Cinema is the most prestigious cultural activity in the modern world. It is for us what theatre was in the age of Shakespeare or painting was in the days of Leonardo da Vinci.
Modern societies are deeply invested in the idea of big, glamorous weddings. We have evolved highly detailed collective ideas about what a proper wedding is supposed to be like, down to the specialised floral arrangements, seat covers, presents for bridesmaids and the correct order of the speeches.
Theodor Wiesengrund Adorno was born in Frankfurt in 1903 into a wealthy and cultured family. His father, a wine merchant, was of Jewish origin but had converted to Protestantism at university.
Hegel was born in Stuttgart in 1770. He had a very middle-class life. He was obsessed by his career path. He fretted all his life about his income. He never quite got his hair under control.
The Ancient Greek philosopher Epicurus was born in 341 BC, on the island of Samos, a few miles off the coast of modern Turkey. He had an unusually long beard and wrote over three hundred books.
Athens, 2400 years ago. It’s a compact place: around 250,000 people live here. There are fine baths, theatres, temples, shopping arcades and gymnasiums. Art is flourishing, and science too.
We don’t always feel comfortable admitting it to our friends. But, secretly, the idea of being famous has great appeal. Fame is deeply attractive because it seems to offer very significant benefits.
It’s tempting to think of marriage as old fashioned. Why not just live with someone and be done with it? What need for a public ceremony? Why the weird traditions that people normally keep away from?
You are queuing to go through to Departures; one of the guards at security has lovely, almost turquoise eyes. You are intrigued by the way they're frisking the occasional passenger.
The once very famous and immensely successful artist Rolf Harris has been convicted of a string of predatory sex-crimes that seem utterly horrible and debased.
It’s one of the grandest and oddest words out there, so lofty, it doesn’t sound like something one could ever consciously strive to be - unlike say, being cultured, or kind.
Going travelling is one of the most exciting pastimes. It’s up there with love in terms of the happiness it can bring – though, unlike love, it's generally assumed to entail no big philosophical issues.
If you had the misfortune to do too much, or the wrong kind of it at school, you’ll probably remember one thing about history: how dull it can sometimes be.
One of the couple has been out all day: they’ve been to three meetings, grappled with a failing supplier, cleared up a misconception about tax rebates and sought to bring the new CEO on side.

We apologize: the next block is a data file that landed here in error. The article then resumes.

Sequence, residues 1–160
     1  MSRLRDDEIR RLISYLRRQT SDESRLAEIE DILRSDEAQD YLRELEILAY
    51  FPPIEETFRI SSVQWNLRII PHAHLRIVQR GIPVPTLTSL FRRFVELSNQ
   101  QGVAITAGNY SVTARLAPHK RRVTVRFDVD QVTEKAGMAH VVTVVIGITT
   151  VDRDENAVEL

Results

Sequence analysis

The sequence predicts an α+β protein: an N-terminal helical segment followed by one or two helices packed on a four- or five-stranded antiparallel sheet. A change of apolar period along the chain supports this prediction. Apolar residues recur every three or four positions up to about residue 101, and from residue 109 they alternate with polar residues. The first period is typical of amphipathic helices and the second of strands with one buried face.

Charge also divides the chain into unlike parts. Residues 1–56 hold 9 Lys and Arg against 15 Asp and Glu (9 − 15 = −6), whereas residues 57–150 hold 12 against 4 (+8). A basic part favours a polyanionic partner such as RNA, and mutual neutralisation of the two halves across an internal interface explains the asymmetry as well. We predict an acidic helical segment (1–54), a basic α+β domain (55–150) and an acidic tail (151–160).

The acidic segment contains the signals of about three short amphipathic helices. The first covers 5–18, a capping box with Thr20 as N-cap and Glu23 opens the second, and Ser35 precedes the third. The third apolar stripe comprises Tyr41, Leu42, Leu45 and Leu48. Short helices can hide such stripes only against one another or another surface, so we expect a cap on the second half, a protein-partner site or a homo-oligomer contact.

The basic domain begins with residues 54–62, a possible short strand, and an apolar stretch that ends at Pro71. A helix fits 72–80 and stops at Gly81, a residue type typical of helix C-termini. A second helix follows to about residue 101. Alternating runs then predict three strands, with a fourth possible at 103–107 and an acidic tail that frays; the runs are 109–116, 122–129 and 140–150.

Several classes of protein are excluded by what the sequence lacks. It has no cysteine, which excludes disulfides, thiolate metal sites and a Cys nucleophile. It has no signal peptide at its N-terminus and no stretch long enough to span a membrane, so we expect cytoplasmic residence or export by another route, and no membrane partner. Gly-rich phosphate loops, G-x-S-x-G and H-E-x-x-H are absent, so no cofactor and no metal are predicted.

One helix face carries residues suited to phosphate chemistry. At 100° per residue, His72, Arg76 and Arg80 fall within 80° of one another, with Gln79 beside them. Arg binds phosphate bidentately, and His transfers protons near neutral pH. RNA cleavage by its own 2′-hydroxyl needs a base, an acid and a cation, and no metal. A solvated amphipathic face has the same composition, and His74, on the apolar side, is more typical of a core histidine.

Today, like most days, you are anxious. It is there in the background, always present, sometimes more to the fore, sometimes less so, but never truly banished - at least not for longer than an evening.
You’re flicking through a fashion magazine and playfully suggest that your partner might want to make a few experiments with their wardrobe. How about a different pair of jeans or a new T-shirt?
It is, of course, a form of madness. You pick up the largest jam jar and fling it to the floor. You go up to the attendant at the counter and deliver a stream of obscenities.
You might think this bit would be easy, but one of the hardest things about our working lives is knowing what we ideally want to do with them. It’s simple enough to sense what is boring and soul-destroying.
You are introduced to someone at a conference. They look nice and you have a brief chat about the theme of the keynote speaker. But already you have reached an overwhelming conclusion.
Feeling grateful about the good aspects of our lives is something we all know we should do a bit more often. And yet there’s often something uncomfortable about being reminded to do so.
We tend to reproach ourselves for staring out the window. You are supposed to be working, or studying, or ticking off things on your to-do list. It can seem almost the definition of wasted time.
Despite good intentions modern societies are profoundly unequal. Yet contemporary culture encourages the feeling that in crucial ways, everyone is, in fact, on the same footing.
Our minds are filled with out-of-focus feelings and ideas: we dimly experience a host of regrets, hurts, anxieties and excitements. For the most part we never stop to analyse or make sense of them.
Generous, thoughtful, sensitive people are often drawn to the view that we shouldn’t expect economies to ‘grow’. After all, the earth and its resources are limited, so why keep asking for GDP to expand?
On a good day, Capitalism can seem pretty impressive. Take the sheer organisational might of corporations, with their incredible ability to focus the efforts of thousands of people on precise goals.
Fake, copy, pastiche, forgery, reproduction. Many of the most bitter insults of the art world are designed to denigrate anything which is not the actual product of the master’s hand.
For years, you felt burdened with thoughts, feelings and opinions that didn’t seem to make much sense to anyone else. You sometimes wondered if you were going mad.
Many people will note a particular brightness to the light today, and a balminess to the air, which may trigger a surge of hope and a willingness to look at familiar problems with renewed determination.
You and your partner are waiting, and waiting, at the airport carousel for your luggage. Other people are wheeling their bags away. Soon, you are the only ones left standing by the now empty conveyor belt.
Insomnia leaves us horribly exhausted, but there are a few benefits to sleepless nights, which we might focus on to alleviate the sheer panic that a failure to sleep can cause.
Alexander Lukashenko is an old-fashioned dictator of Belarus. He is often described as the last dictator in Europe. This doesn't mean that he doesn't care a lot about making his country a better place.